Thomas Perez Makes a Deal
How Obama’s Labor nominee made a Supreme Court case disappear
May 27, 2013, Vol. 18, No. 35 • By TERRY EASTLAND
Disparate impact theory, however, is controversial, and the reasons are evident. Disparate impact can impose liability for policies or practices that are entirely race-neutral, were adopted without discriminatory intent, and are applied fairly. The results of a policy, delineated by race, are what matter most. And if the numbers are “wrong,” then it falls to the defendant to prove that the policy or practice is necessary and that no other policy or practice with less-disparate impact can serve the defendant’s needs. Of course, those seeking to avoid being sued in the first place have alternatives. They can preemptively weaken a race-neutral policy to the point where it ceases to produce disparate outcomes. Or they can maintain the policy or practice but adjust the results to get the numbers “right”—in effect, adopt a racial double standard.
In November 2011—the same month the Court took Magner—Perez wanted “to start a conversation with the City of St. Paul about [his] concerns relating to the Magner case,” according to Perez’s written answers to questions from senators. One concern was that the case lacked facts that would cast disparate impact theory in a sympathetic light. Perez also thought that the absence of a federal housing rule explicitly targeting policies and practices with disparate impact—though such a rule was in the works and has since been promulgated—could lead the justices to be less deferential to the executive branch’s use of the approach. But whether “bad facts” or the lack of the rule would have made any difference in the Court’s handling of the question in Magner—the validity of disparate impact—seems doubtful, since the more formidable difficulties for Perez’s position lay inside the Court.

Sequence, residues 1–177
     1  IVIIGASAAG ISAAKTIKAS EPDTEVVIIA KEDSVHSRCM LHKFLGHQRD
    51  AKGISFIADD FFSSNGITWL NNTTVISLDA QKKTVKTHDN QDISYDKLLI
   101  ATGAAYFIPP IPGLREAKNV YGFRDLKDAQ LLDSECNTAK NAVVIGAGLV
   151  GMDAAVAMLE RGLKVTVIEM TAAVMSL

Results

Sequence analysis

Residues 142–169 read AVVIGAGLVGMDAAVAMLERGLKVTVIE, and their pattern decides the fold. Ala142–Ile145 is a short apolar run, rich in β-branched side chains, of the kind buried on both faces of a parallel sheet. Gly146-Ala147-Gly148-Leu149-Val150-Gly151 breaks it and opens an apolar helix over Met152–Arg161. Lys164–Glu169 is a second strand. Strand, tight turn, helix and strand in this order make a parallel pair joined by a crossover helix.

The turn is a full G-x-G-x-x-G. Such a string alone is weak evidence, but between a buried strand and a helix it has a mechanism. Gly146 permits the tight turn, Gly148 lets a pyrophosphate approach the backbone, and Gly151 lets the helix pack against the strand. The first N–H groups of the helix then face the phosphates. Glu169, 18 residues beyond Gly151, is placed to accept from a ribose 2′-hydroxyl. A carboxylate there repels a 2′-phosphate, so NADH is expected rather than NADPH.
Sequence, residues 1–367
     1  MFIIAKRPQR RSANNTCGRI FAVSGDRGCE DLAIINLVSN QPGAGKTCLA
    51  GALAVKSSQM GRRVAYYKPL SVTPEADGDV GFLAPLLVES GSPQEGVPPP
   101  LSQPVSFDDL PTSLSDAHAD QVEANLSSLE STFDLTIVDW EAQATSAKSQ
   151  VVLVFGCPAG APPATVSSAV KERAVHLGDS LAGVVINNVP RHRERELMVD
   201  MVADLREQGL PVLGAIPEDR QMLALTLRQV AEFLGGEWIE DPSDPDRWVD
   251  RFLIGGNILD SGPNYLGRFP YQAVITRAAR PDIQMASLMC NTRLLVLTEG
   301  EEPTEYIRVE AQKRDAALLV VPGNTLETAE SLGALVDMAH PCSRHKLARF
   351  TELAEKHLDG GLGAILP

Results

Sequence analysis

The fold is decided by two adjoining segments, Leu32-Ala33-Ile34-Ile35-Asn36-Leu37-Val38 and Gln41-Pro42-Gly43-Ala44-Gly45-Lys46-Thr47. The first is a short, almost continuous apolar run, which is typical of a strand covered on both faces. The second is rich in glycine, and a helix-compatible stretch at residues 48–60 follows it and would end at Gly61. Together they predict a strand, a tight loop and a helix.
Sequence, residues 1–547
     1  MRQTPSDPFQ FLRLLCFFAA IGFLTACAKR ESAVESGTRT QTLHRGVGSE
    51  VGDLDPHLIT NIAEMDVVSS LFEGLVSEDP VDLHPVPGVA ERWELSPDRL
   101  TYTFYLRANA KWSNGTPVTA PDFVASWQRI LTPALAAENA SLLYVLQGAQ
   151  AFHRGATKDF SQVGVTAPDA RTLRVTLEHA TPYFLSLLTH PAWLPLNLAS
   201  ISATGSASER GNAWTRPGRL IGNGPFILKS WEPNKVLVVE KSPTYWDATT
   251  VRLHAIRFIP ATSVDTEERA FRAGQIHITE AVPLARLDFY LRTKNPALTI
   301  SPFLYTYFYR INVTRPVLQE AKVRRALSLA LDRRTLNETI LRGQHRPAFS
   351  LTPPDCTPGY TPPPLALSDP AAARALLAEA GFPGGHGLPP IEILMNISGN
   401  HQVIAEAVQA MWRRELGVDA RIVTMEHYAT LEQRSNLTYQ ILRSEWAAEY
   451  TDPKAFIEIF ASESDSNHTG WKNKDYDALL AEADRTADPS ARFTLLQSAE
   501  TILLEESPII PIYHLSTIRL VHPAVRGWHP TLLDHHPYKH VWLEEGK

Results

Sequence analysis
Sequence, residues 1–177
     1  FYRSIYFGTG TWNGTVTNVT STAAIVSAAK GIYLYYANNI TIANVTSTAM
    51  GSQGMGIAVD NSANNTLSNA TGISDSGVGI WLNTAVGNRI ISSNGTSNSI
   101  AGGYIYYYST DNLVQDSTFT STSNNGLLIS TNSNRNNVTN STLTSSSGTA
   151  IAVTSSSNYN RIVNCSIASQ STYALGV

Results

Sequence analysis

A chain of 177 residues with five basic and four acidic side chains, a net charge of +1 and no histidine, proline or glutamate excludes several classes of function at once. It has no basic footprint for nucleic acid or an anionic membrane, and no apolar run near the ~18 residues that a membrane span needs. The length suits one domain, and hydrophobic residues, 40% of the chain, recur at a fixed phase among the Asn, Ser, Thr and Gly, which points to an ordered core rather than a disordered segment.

Consider that for the administration’s position on disparate impact to have prevailed in a Court review of Magner, at least five justices would have had to be willing write the theory into the FHA. But there are five justices who as a general matter believe that the authority to make law belongs to Congress, not the courts. And one of those is Justice Scalia, who in a 2009 public employment case wrote a concurrence in which he said that the disparate impact provisions in federal employment law “place a racial thumb on the scales, often requiring employers to evaluate the racial outcomes of their policies and to make decisions based on (because of) those racial outcomes.” That type of racial decision-making being discriminatory, said Scalia, the Court someday will have to decide whether the disparate impact provisions in employment law are consistent with the Constitution’s guarantee of equal protection of the laws. Writing disparate impact into federal housing law would raise the same constitutional problem for Scalia and other justices of similar judicial philosophy.
Through Minnesota connections, Perez found David Lillehaug, a former U.S. attorney serving as an outside counsel for the city. The two talked on November 23, 2011. We learn from the joint staff report that Lillehaug told the committees’ investigators that the civil rights chief discussed with him “the importance of disparate impact.” Lillehaug also said he told Perez that the United States might be suing the city in a separate case brought under the False Claims Act. The two men discussed “a potential solution,” namely that St. Paul would withdraw its petition in Magner if the Justice Department declined to intervene in the false claims case. The conversation ended with Perez indicating he would look into the case, responsibility for which lay with the Justice Department’s Civil Division.
Under the False Claims Act, a private individual—a “whistleblower”—may sue federal contractors for defrauding the government. In May 2009, Frederick Newell of St. Paul filed such a complaint, charging that the city had falsely certified its compliance with Section 3 of the Housing and Urban Development Act, which requires recipients of HUD financial assistance to provide job training, employment, and contracting opportunities to low- or very-low-income residents. Newell specifically alleged that the city had asserted on applications for HUD funds totaling almost $200 million that it had complied with Section 3, when in fact it had not done so and knew that it hadn’t.
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